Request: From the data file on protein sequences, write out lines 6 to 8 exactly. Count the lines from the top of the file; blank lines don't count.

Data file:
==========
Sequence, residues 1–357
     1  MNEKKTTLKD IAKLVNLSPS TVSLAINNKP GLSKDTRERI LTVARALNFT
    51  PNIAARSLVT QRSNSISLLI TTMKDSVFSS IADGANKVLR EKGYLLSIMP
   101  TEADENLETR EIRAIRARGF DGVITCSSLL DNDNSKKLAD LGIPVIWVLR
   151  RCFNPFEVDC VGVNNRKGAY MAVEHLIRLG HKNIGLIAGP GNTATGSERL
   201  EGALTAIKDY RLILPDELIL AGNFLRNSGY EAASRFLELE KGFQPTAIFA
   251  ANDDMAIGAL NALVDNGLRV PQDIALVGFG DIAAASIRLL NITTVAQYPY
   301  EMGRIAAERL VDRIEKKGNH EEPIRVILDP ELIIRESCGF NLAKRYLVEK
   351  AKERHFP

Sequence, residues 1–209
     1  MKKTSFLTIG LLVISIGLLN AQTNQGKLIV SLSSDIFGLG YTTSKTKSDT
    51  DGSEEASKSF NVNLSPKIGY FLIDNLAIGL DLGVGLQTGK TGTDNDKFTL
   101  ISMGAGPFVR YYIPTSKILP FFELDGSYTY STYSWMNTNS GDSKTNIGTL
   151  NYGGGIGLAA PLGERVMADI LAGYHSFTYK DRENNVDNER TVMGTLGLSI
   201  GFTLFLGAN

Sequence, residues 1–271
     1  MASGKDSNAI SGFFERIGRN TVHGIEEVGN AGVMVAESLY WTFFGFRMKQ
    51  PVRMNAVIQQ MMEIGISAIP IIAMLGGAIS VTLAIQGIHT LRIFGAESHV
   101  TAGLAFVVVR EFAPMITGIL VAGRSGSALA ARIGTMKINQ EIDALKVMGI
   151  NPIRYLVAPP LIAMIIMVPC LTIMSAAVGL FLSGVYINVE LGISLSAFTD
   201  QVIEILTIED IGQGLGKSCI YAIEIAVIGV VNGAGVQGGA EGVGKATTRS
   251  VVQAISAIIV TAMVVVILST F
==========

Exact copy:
   201  EGALTAIKDY RLILPDELIL AGNFLRNSGY EAASRFLELE KGFQPTAIFA
   251  ANDDMAIGAL NALVDNGLRV PQDIALVGFG DIAAASIRLL NITTVAQYPY
   301  EMGRIAAERL VDRIEKKGNH EEPIRVILDP ELIIRESCGF NLAKRYLVEK